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Remote sensing analysis reveals habitat, dispersal corridors and expanded distribution for the Critically Endangered Cross River gorilla Gorilla gorilla diehli

Richard A. Bergla1 c1, Ymke Warrena2, Aaron Nicholasa2, Andrew Dunna3, Inaoyom Imonga3, Jacqueline L. Sunderland-Grovesa2 p1 and John F. Oatesa4

a1 North Carolina Zoological Park, Asheboro, North Carolina, USA.

a2 Wildlife Conservation Society, Takamanda–Mone Landscape Project, South West Region, Limbe, Cameroon

a3 Wildlife Conservation Society–Nigeria, Calabar, Nigeria

a4 Department of Anthropology, Hunter College CUNY, New York, USA

Abstract

Habitat loss and fragmentation are among the major threats to wildlife populations in tropical forests. Loss of habitat reduces the carrying capacity of the landscape and fragmentation disrupts biological processes and exposes wildlife populations to the effects of small population size, such as reduction of genetic diversity and increased impact of demographic stochasticity. The Critically Endangered Cross River gorilla Gorilla gorilla diehli is threatened in particular by habitat disturbance because its population is small and it lives in an area where high human population density results in intense exploitation of natural resources. We used remotely-sensed data to assess the extent and distribution of gorilla habitat in the Cross River region and delineated potential dispersal corridors. Our analysis revealed > 8,000 km2 of tropical forest in the study region, 2,500 km2 of which is in or adjacent to areas occupied by gorillas. We surveyed 12 areas of forest identified as potential gorilla habitat, 10 of which yielded new records of gorillas. The new records expand the known range of the Cross River gorilla by > 50%, and support genetic analyses that suggest greater connectivity of the population than previously assumed. These findings demonstrate that considerable connected forest habitat remains and that the area could potentially support a much larger gorilla population if anthropogenic pressures such as hunting could be reduced.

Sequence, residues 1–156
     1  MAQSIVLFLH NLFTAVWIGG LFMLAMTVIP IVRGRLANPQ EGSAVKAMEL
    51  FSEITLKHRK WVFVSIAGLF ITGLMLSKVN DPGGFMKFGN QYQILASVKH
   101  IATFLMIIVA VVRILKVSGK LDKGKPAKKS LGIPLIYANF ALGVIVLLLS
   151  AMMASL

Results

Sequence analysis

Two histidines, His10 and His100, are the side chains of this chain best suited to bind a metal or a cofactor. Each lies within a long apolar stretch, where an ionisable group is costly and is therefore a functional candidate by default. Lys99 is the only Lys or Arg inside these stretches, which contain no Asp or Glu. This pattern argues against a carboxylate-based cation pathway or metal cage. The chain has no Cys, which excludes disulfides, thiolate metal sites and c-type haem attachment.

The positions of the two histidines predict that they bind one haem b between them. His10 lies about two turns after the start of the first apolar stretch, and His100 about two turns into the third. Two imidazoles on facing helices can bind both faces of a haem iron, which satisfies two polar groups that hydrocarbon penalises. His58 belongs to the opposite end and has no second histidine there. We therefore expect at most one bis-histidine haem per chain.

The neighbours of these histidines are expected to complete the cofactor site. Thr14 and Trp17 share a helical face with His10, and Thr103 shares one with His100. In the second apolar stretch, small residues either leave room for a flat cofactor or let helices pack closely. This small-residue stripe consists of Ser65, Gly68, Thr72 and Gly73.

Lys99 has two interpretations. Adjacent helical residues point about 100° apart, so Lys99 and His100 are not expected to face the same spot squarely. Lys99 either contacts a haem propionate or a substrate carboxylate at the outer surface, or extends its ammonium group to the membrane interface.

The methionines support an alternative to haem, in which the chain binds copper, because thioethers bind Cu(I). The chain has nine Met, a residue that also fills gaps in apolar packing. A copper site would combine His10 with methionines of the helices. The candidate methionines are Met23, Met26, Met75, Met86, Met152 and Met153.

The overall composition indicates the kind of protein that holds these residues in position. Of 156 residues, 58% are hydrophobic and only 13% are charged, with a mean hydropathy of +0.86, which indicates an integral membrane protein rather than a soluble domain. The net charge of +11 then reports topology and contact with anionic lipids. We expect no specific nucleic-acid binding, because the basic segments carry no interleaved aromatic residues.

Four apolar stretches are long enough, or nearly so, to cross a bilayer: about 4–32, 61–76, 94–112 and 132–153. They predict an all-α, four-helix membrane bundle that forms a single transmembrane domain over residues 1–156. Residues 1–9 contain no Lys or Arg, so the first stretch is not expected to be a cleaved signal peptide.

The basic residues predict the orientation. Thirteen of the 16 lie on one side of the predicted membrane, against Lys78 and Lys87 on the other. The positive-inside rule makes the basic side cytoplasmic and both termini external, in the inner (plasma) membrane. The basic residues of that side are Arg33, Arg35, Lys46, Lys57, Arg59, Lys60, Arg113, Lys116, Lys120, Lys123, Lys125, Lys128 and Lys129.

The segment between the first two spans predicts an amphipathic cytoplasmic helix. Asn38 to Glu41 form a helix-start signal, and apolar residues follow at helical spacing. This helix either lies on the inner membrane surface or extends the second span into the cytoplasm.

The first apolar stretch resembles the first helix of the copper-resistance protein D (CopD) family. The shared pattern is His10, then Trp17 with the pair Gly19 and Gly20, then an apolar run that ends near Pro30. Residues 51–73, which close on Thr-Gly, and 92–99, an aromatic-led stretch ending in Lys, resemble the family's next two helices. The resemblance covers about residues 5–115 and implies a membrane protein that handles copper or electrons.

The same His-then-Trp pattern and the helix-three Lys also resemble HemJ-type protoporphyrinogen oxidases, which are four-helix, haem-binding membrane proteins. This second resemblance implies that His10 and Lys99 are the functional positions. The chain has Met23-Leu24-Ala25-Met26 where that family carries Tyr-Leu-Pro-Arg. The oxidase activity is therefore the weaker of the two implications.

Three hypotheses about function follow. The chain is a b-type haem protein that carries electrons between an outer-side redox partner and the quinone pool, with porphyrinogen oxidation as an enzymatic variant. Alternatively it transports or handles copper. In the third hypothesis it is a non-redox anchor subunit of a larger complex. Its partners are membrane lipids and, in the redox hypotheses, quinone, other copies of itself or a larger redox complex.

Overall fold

(Received August 27 2010)

(Reviewed December 14 2010)

(Accepted December 22 2010)

(Online publication November 01 2011)

Correspondence:

c1 North Carolina Zoological Park, Asheboro, North Carolina, USA. E-mail richard.bergl@nczoo.org

p1 Current address: Center for International Forestry Research, Bogor, Indonesia

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